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Wednesday, July 24, 2024

Sri Lanka ranks low in progress made on achieving gender equality

Amongst 187 countries, Sri Lanka ranks 97 with a Human Development Index (HDI) of 0.691. But it does even better on gender with a rank of 74 for its Gender Inequality Index (GII).

Sri Lanka stands among the nations that has made little progress in achieving the gender equality target under Sustainable Development Goals by the year 2030, the latest assessment by UN Women revealed.

Sri Lanka ranks low on the list of Central and South Asian countries in this regard, and stands with Tajikistan, Turkmenistan, Uzbekistan.

To achieve gender equality and empower all women and girls by 2030 is one of the 17 Sustainable Development Goals (SDGs).

According to the assessment of progress tracker of the SDG goal five (SDG 5) by the UN, Sri Lanka has managed to meet only one indicator of the overall target.

For two indicators it is close to reaching the target, whereas for three other indicators it is moderately distant from fulfilling the target, far from the target, and very far from the target.

For the remaining indicators, there is insufficient data available to track progress.

Overall, Central and Southern Asia as a region is not on track to achieving gender equality by 2030. Across the region, out of 18 indicators for the SDGs, only one has met the target.

“We need bold action to close data gaps and accelerate progress,” the UN agency said.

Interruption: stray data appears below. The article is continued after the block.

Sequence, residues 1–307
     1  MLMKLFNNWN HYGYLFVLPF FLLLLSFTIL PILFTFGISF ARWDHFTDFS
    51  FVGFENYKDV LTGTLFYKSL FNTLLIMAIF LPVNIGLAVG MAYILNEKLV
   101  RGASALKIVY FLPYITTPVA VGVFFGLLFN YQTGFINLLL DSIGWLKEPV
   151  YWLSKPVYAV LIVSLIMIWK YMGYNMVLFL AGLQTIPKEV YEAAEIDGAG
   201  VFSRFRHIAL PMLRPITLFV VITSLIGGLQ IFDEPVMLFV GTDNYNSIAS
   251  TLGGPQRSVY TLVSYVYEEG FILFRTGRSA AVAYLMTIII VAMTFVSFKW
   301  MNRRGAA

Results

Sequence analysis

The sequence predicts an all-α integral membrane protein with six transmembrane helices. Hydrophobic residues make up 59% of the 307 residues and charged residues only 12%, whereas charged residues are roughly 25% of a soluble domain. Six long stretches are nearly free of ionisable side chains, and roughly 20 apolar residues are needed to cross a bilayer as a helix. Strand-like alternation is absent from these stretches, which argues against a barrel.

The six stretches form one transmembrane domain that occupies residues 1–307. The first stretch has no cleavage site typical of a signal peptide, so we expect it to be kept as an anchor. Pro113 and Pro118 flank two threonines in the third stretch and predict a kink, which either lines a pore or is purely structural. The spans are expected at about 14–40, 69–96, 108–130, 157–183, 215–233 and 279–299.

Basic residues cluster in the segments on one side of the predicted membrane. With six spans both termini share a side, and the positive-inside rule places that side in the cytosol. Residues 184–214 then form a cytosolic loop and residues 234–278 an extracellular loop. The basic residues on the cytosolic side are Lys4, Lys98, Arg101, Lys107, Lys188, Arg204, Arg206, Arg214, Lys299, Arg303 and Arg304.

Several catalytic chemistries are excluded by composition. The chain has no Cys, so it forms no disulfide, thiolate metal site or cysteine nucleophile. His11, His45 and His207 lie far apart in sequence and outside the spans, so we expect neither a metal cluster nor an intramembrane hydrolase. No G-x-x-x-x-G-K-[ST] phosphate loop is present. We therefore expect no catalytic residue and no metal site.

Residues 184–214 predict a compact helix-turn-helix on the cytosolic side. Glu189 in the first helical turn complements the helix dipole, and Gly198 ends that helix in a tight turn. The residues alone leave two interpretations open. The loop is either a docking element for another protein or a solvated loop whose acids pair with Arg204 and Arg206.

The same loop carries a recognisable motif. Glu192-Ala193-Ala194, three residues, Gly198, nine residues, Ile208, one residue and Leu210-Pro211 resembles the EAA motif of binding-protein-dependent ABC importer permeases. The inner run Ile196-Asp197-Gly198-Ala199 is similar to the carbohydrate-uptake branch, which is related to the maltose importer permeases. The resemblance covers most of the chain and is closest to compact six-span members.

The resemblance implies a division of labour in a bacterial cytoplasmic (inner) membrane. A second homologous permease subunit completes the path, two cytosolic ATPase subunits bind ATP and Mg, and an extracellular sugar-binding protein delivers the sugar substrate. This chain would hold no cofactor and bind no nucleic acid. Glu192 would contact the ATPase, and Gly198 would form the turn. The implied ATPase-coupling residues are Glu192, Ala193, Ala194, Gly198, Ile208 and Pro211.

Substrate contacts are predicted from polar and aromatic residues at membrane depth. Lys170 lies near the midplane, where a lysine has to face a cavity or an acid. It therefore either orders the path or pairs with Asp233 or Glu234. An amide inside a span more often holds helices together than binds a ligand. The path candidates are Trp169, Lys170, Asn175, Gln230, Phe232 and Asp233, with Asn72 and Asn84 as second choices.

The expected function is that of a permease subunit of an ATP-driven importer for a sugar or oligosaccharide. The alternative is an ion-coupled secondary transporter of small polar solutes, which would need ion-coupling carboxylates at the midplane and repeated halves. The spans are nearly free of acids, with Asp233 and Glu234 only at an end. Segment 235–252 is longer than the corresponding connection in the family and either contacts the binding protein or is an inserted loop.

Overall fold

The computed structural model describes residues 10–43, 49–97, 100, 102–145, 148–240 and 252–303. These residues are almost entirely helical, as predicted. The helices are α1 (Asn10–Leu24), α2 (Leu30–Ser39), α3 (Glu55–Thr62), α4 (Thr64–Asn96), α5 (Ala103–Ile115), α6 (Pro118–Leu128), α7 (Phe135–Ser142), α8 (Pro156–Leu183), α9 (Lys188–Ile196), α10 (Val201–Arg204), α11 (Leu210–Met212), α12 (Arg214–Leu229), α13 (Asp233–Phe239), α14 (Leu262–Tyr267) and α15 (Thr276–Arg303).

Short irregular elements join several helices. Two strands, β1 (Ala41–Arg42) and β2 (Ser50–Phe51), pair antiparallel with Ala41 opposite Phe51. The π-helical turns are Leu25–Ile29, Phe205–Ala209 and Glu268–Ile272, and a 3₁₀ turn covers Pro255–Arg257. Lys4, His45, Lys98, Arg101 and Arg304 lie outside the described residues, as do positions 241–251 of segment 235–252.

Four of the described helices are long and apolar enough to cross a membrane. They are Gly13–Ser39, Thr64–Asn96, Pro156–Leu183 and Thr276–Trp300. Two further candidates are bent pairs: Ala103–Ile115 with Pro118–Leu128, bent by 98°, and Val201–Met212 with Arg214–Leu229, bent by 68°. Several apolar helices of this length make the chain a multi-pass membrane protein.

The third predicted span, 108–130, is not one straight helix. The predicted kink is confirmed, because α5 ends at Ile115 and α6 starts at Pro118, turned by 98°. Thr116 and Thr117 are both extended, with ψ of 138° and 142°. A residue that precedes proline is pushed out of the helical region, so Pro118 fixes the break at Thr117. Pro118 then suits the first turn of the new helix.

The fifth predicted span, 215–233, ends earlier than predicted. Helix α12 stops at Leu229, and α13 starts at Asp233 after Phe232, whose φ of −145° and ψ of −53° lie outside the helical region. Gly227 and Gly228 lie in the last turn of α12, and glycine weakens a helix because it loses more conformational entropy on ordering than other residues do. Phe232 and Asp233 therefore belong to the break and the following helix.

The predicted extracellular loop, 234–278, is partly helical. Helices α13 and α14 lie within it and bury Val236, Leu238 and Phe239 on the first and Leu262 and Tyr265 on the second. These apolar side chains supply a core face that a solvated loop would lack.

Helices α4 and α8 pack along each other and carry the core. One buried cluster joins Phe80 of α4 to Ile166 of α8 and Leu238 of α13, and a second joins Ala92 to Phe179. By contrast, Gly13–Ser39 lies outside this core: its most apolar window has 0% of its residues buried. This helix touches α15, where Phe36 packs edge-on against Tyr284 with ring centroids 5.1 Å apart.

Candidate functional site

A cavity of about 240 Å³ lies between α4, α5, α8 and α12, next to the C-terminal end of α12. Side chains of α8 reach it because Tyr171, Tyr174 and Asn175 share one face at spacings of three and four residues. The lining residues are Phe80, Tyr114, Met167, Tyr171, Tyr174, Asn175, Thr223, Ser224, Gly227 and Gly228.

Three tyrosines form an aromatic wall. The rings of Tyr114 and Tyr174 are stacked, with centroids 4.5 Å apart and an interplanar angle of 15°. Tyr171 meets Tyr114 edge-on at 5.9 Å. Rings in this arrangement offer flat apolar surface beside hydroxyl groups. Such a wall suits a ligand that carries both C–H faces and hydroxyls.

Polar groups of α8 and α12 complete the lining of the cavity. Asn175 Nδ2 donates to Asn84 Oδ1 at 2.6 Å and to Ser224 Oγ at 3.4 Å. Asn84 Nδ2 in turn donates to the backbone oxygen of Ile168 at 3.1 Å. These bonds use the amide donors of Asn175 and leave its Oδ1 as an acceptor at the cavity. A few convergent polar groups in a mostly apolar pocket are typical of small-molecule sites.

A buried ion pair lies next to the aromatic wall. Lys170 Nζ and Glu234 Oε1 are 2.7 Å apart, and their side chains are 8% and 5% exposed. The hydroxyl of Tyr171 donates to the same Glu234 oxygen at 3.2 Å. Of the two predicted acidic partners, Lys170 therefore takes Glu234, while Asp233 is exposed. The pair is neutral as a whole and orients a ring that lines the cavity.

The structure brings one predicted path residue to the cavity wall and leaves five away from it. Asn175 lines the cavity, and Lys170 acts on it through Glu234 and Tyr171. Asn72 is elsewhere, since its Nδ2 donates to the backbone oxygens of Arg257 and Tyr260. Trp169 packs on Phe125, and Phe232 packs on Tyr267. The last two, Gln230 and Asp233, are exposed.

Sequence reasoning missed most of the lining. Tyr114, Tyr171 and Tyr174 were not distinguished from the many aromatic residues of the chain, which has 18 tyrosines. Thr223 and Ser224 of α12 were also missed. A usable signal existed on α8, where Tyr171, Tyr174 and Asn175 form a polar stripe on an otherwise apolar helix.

Progress on SDG 5 is measured using 9 targets, made up of 18 indicators and sub-indicators.

Assessment by the UN shows that 13 percent of the indicators that are used to assess progress are ‘very far’ from the targets set out under SDG 5. Fifteen percent are ‘far from target’, which means that over a quarter are ‘far or very far’ from the targets set for 2030.

On time spent on unpaid care and domestic work (Target 5.4), a critical area for women’s empowerment, no country has met the target of equality between men and women.

“Data gaps prevent us from seeing the full picture of progress, but from the data we do have, the outlook is grim,”the UN said, while pointing out that where data are missing, women and girls are invisible.

Only 48 percent of data needed to monitor SDG 5 are currently available.

The UN stressed that more and better gender data are needed to accurately diagnose the barriers and spur the necessary policy dialogue on gender equality that drives change.



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